Yamato Battleship : Timeline and new revamped photo


IJN Yamato Battleship: Data, revamped photography and exhaustive Timeline with photos

 

In this post we organize and make it available all the information we have on the Battleship Yamato, including also her twin the Battleship Musashi. These two battleships formt he Yamato-class battleship. A third vessel was also designed and semi-constructed but was later transformed into a fleet carrier: the Shinano carrier. The classified information is as follows:

 

sphere A new detailed timeline for the Yamato Battleship is available here:

Timeline Battleship Yamato

This book contains a richly detailed tribute to the legendary Yamato is now back in print by popular demand. Equipped with the largest guns and heaviest armor and having the greatest displacement of any ship ever built, the Yamato proved to be a formidable opponent to the U.S. Pacific Fleet in World War II. This classic in the Anatomy of the Ship series contains a full description of the design and construction of the battleship including wartime modifications, and a career history. This is followed by a substantial pictorial section with rare onboard views of Yamato and her sister

 

sphere Here you can also find the page with the information about the Yamato and Musashi Battleships

Yamato-class battleships

In this book, we can read details on the history of the battleship Yamato. The Yamato class battleships of the Imperial Japanese Navy were the largest warships of the Second World War and the largest battleships ever constructed, displacing 78,800 tons. They also carried the largest naval artillery ever fitted to a warship – 18in guns. Neither Yamato nor her sistership Musashi made much impact on the War. Musashi was sunk during the battle of Leyte Gulf while Yamato, deployed in a deliberate suicide attack on Allied forces at the battle of Okinawa, was finally sunk by US carrier-based aircraft; Not 300 of her 3,330 crew survived.This includes paint schemes and camouflage, featuring color profiles and highly-detailed line drawings and scale plans. The modeling section reviews the strengths and weaknesses of available kits, lists commercial accessory sets for super-detailing of the ships, and provides hints on modifying and improving the basic kit.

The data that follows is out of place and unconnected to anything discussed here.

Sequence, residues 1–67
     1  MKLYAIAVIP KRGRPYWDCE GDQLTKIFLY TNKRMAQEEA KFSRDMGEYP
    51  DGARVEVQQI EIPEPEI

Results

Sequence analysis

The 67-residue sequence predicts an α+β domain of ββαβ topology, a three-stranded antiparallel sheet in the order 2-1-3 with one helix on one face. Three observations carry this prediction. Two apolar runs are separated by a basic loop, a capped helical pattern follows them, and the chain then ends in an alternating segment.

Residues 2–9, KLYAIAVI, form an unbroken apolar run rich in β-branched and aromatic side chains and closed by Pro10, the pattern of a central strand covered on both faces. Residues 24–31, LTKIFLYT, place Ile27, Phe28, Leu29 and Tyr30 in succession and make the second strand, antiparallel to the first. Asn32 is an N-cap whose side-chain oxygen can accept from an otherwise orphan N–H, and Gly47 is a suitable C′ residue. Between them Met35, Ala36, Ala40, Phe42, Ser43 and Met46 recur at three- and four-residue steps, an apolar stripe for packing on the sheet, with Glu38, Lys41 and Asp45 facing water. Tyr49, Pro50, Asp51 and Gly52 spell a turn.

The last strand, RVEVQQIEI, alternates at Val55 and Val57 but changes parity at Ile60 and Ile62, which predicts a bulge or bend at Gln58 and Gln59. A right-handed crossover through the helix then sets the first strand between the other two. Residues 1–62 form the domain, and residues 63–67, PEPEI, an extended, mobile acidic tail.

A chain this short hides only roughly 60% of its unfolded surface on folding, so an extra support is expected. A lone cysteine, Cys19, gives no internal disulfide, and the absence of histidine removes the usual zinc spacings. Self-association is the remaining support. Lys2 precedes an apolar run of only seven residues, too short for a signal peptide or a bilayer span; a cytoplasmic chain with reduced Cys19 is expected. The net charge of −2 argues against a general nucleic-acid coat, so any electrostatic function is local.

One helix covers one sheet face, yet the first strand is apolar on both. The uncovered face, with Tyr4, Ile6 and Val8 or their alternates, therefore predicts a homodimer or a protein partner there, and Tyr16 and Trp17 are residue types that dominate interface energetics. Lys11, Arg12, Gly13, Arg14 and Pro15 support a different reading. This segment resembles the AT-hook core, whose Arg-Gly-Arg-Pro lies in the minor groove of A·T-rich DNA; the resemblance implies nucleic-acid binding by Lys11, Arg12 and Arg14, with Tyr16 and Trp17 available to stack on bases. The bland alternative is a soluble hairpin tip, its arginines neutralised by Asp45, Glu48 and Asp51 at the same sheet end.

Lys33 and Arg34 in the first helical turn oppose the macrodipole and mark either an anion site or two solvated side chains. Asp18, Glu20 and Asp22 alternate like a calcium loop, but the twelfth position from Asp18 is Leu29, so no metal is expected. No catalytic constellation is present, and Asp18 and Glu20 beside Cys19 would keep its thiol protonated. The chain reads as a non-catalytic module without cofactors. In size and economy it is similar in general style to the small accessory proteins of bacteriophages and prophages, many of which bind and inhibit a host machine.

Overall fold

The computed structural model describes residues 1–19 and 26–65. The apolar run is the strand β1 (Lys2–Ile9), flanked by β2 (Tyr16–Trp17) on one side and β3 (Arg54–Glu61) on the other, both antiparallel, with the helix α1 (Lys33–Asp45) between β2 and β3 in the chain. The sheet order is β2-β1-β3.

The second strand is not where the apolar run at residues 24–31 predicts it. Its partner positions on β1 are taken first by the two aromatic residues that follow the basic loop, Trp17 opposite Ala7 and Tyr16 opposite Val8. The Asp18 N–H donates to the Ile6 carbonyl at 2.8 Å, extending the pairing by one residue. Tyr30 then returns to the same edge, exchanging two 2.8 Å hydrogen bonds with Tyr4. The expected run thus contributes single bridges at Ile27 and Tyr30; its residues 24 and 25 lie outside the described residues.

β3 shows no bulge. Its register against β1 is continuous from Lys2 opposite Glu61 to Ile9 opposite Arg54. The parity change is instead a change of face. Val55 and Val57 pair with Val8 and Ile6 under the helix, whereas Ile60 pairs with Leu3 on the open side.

sphere Here you can find the page for the last battle of the Yamato-class Musashi Battleship

The last battle of the Musashi Battleship

The history of the construction of Yamato-class battleship Musashi was very unique and interesting. Akira Yoshimura’s dramatic reconstruction of the birth of the Musashi portrays a nation preparing for total war. Under these extreme conditions, courage, genius, and integrity coexisted with brutality, folly, and paranoia. During the more than four years it took to build and outfit it, shipyard engineers and their Navy mentors were faced with seemingly insurmountable technical problems and plagued by natural calamities and the constant fear of espionage. The solutions they found to each successive crisis were sometimes brilliant, sometimes absurd. Battleship Musashi is a tribute to the men who achieved this engineering marvel and a testament to the excesses of bureaucratic militarism.

 

sphere  A page with the revamped color photo of Japanese battleships, including the Yamato Battleship can be found here:

Revamped Yamato Battleship photo

This book shows very rare and unique photographies on the Japanese battleships, including the Yamato and Musashi Battleships. This unprecedented photographic collection contains 125 stunning black and white photographs of the battleships of the Imperial Japanese Navy. The remarkable images, some very rare, constitute an archive that is almost without equal in the West. The book begins with the launch of Japan’s first contemporary battleship, Yashima, and concludes with the final destruction of the fleet in the Pacific in 1945. In between these two milestones, Japan constructed the third largest navy in the world. All of the fleet’s dreadnoughts saw action in World War II but only the Nagato survived the conflict. She subsequently became a test target in the Bikini A-bomb tests in 1946.

Yamato Battleship

Yamato Battleship

 

 


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